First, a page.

At a special closed session last week, the Santa Clara City Council voted to provide gap funding for the Convention Center from April 17 to June 30, even though the City will no longer own it and hasn't received any of the land rent paid by the Hyatt and Techmart for four years.
The City hopes during that time it will be able to work out an agreement with Santa Clara County for adequately operating, maintaining and marketing the Convention Center, as required by the Hyatt and Techmart leases.
The funding gap exists because there was no funding for Convention Center operations, maintenance or marketing on the January through June payment schedule of the City's shuttered redevelopment agency (RDA). In the past, lease revenues paid the difference between event revenue and the Center's expenses. (Convention Centers rarely break even; instead, they generate secondary economic impact because they bring large numbers of visitors to a city.)
“We need time to come to a reasonable resolution to meet everyone's needs, including the City of Santa Clara,” says Santa Clara Mayor Jamie Matthews. “We wanted to ensure we didn't miss opportunities. The long–term health of the Convention Center is important to the City – now, more than ever.” The Convention Center is booked almost every week of the year, and fills an important role as an affordable venue for new and highly specialized companies and events, as well as a “center” of activity and information for visitors to the City's Northside, says Matthews.
The land under the Convention Center Complex is the object of a county “clawback lawsuit” over redevelopment agency assets following the state legislature's 2011 dissolution – at the behest of Gov. Jerry Brown – of California's 50 year–old redevelopment program.
In Oct. 2014, a Sacramento Superior Court judge ruled that although the City had bought the land with general fund money and used the land rent – rather than property taxes – to run the Convention Center and pay its obligations, the property was subject to “clawback” to benefit county taxing entities because “Santa Clara Redevelopment Agency” was the name on the deed.
The City's counter argument, which will be heard in the same Sacramento Court later this month, is that the RDA operated as its leasing and property management agency, and the RDA didn't have actual ownership. However, the City must comply with the October court order or face fines.
Thus, on April 17, the City must turn over the deed to the Santa Clara RDA Successor Agency (SA) – the City of Santa Clara – which has no financial resources except those approved by its County agency–appointed Oversight Board and the State Dept. of Finance (DoF). The only way the SA can pay for anything is if the Oversight Board earmarks – and the DoF approves – money via the six–month Recognized Obligation Payment Schedule (ROPS). Money for paying these obligations comes from the RDA Property Tax Trust Fund, former RDA revenues, and sales of former RDA assets.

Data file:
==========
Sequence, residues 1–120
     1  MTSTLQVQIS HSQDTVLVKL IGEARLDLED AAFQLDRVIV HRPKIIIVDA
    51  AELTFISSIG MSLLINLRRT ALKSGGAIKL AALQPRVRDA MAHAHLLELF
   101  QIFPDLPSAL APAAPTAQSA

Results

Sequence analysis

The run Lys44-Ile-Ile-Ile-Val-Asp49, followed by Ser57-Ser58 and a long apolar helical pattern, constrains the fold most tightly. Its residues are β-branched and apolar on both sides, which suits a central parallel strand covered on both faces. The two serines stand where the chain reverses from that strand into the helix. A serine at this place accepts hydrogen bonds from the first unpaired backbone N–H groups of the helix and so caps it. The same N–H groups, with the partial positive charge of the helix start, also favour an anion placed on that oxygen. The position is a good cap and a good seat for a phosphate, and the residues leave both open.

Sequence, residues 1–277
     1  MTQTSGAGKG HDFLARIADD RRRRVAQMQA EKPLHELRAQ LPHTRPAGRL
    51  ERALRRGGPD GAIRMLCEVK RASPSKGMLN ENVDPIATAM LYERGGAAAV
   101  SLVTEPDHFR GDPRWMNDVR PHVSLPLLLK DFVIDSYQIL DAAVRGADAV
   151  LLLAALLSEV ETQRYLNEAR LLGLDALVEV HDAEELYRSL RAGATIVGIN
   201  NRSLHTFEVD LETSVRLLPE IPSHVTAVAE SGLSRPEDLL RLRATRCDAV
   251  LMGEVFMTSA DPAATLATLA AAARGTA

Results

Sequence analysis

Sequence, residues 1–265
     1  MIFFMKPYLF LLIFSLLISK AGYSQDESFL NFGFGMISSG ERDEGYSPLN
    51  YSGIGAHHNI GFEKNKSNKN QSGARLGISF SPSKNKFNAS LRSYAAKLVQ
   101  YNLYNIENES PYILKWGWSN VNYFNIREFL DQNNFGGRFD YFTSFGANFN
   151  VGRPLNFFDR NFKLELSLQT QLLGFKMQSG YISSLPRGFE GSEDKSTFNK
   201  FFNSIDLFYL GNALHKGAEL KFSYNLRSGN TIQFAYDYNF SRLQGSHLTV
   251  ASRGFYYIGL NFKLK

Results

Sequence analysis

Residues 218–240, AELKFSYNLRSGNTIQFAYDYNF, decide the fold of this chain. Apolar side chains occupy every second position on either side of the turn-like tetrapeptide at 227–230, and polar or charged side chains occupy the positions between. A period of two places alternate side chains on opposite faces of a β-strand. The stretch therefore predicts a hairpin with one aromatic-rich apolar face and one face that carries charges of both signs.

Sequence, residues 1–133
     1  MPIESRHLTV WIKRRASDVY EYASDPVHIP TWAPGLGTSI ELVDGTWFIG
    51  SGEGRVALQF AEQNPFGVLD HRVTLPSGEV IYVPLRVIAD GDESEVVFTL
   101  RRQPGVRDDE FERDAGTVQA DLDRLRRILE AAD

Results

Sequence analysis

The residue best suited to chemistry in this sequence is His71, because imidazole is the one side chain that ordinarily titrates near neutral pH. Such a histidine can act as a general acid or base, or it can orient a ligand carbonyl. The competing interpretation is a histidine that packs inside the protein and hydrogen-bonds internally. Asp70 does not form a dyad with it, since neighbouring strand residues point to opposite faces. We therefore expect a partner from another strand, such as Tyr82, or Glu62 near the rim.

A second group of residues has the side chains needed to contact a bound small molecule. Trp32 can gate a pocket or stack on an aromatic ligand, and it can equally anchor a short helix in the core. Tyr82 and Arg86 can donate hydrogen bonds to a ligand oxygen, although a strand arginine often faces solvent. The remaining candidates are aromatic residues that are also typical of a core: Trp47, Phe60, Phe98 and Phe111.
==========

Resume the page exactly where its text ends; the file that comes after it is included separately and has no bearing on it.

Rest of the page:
Since Santa Clara's position was that the Convention Center Complex was a City–owned, not RDA–owned, property, the City continued to fund the Convention Center – while the revenues went into an escrow account – and didn't list those costs as obligations of the former RDA.
Last month the Oversight Board summarily shelved the SA's proposed ROPS for July through December 2015 – the Board claimed they didn't have adequate time to read it – in favor of a revised ROPS based on County Finance Director Emily Harrison's eight–page list of objections, which was introduced by the Board's attorney, Hilda Montoy, 15 minutes before the end of the meeting.
Harrison's ROPS includes funding for Convention Center operations, but only half its assessment as part of the Maintenance District and none of the Center's marketing or capital improvement costs.
Actively marketing the Convention Center and maintaining the common area are central to the long–term leases between complex's tenants and whoever is the property's owner, explains Santa Clara Economic Development Officer Ruth Shikada.
The City subcontracted Convention Center marketing and operation to the Santa Clara Convention Center and Visitor's Bureau, which is a part of the Santa Clara Chamber of Commerce.
“The City and the RDA had contractual agreements on how the Convention Center would be operated,” she says. “They [the contracts] were nullified by the [RDA] dissolution.
CVVB CEO Steve Van Dorn and Convention Center Manager Lisa Moreno had a meeting with County Executive Jeff Smith last month in hopes of coming to an agreement about Convention Center operations and marketing, but the meeting, reportedly, was disappointing.
One of the background issues is whether or not the Convention Center has value as a piece of real estate. At the last meeting of the SA Board, Chair Don Gage suggested that it was a “$400 or $500 million” property. However, the contracts that encumber it may tell a different story.
To resolve the question, an independent appraiser has been hired to evaluate the property, according to Shikada. Whether the Board will accept the appraiser's answer is another question. Last month, Oversight Board Member (and former County Finance Director) John Guthrie, who sits on both the Santa Clara and San Jose RDA dissolution boards, pointedly questioned the valuation of a parking garage by an appraiser hired by the San Jose Board, which went on to vote not to accept the appraisal.